The most oft-ignored of the four assassins, but still a very powerful piece that can tip many matchups in your favor and is outstanding against the right targets. Click to read on, or check out the Tactics Corner for more reviews and strategies.
The Callidus Temple of assassins is perhaps the most covert of the four major temples; the others may do their work silently, but given good circumstances the target of a Callidus may never have any idea that she was there, nor will anyone around the target for days, weeks, or even months after the deed has already been done. By use of the drug Polymorphine, a Callidus can assume nearly any possible humanoid shape in order to infiltrate a compound, stalking her target relentlessly in the guise of another until they present a single moment of vulnerability. Polymorphine can even be used for stranger purposes still- stories tell of a Callidus that stole away the infant son of a rebellious planetary governor in her gut by distending her jaws unnaturally wide and swallowing him, the better to ransom his life for the governor’s obedience.
On the tabletop a Callidus has the same statline as the other assassins do; movement 7″ makes her relatively speedy on the tabletop, although not exceptionally so. Weapon and ballistic skill 2+ means that her attacks rarely miss, while strength and toughness four give her a certain level of basic competency in combat. Five wounds and five attacks sit her above the norm for most characters, and leadership 9 (as well as save 6+) are almost never relevant except in the most unusual of circumstances. At 85pts, the Callidus can be consider a real steal, especially given the equipment and rules she comes with.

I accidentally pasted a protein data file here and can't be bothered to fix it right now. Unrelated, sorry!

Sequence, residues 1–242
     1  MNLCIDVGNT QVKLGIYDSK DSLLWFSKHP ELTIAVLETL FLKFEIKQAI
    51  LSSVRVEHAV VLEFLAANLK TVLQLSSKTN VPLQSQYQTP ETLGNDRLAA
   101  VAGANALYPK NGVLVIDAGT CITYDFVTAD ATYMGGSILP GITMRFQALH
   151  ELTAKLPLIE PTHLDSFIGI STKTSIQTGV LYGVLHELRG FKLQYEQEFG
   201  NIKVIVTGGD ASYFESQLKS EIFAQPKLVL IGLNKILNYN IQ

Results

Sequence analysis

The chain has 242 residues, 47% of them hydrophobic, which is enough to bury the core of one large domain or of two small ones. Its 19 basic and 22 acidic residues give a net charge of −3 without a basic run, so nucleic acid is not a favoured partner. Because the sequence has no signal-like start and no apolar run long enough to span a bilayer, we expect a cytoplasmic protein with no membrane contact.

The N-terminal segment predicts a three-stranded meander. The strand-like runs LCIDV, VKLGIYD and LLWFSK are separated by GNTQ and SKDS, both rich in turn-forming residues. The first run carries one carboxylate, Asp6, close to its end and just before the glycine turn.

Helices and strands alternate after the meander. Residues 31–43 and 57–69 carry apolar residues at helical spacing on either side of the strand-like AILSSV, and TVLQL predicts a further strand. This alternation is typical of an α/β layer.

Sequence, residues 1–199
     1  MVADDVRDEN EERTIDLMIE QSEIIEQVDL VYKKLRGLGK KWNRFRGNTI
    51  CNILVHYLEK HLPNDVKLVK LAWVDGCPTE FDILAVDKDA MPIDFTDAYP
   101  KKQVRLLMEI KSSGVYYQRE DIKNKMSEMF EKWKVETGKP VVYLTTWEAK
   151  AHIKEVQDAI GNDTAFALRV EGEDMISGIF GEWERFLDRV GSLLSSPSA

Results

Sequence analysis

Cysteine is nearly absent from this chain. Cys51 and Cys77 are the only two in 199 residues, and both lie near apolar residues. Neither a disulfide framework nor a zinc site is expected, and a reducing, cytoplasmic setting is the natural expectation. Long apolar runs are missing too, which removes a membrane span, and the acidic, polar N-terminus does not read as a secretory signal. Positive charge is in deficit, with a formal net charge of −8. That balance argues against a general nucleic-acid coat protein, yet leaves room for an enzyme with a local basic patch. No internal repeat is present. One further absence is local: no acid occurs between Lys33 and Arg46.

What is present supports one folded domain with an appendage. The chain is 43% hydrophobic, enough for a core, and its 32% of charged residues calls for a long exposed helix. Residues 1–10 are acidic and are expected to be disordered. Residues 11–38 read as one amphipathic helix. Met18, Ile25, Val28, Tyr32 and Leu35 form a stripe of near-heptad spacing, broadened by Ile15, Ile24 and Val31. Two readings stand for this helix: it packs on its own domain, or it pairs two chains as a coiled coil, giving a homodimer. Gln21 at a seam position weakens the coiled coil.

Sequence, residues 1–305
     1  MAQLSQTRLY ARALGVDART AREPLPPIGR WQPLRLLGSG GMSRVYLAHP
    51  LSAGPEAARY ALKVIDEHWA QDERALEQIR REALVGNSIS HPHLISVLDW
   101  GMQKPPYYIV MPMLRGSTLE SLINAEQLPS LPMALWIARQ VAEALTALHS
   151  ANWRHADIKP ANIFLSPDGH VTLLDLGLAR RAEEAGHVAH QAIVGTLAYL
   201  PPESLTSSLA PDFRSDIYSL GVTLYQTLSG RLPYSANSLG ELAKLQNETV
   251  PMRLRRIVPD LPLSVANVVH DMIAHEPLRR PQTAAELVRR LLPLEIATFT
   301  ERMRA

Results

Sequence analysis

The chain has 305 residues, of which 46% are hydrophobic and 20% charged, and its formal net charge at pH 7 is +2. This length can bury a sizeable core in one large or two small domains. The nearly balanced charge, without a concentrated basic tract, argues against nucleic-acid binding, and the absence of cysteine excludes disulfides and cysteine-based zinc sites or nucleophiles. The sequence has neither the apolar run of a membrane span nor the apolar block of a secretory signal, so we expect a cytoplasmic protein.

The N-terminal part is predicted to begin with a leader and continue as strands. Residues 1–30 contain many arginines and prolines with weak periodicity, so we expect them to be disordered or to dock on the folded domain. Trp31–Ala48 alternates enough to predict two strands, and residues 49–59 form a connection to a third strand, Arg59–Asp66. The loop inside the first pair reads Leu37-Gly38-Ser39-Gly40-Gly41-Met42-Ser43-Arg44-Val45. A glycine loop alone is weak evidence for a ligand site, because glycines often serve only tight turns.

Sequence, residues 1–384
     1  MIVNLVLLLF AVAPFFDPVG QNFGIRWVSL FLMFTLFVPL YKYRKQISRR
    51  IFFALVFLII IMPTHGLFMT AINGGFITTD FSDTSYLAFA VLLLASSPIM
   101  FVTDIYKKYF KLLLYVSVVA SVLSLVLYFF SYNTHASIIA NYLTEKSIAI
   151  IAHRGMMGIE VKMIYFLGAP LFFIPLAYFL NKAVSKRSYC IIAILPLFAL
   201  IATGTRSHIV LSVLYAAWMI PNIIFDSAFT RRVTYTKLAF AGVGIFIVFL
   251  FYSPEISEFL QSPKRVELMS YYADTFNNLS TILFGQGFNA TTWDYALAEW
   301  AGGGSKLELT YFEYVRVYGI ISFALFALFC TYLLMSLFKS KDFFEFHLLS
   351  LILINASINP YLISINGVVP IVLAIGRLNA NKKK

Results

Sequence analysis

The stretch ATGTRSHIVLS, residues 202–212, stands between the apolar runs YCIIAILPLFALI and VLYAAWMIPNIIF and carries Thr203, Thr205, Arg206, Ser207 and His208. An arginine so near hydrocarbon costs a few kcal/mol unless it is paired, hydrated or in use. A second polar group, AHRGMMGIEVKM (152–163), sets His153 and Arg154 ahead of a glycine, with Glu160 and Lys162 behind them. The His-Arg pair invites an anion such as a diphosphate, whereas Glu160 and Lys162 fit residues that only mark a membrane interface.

Special Rules and Wargear
As with all assassins, the Callidus comes with three abilities generic to the faction and a large swathe of unique ones. Lightning Reflexes, of course, gives her a 4++ save- the only one she has. Independent Operative allows her to go into normal reserve (though you will never use that portion, as she has a better ability that makes it redundant) as well as preventing her from getting a warlord trait. Execution Force simply dictates how she is allowed to be included in detachments, and has no effect during a game.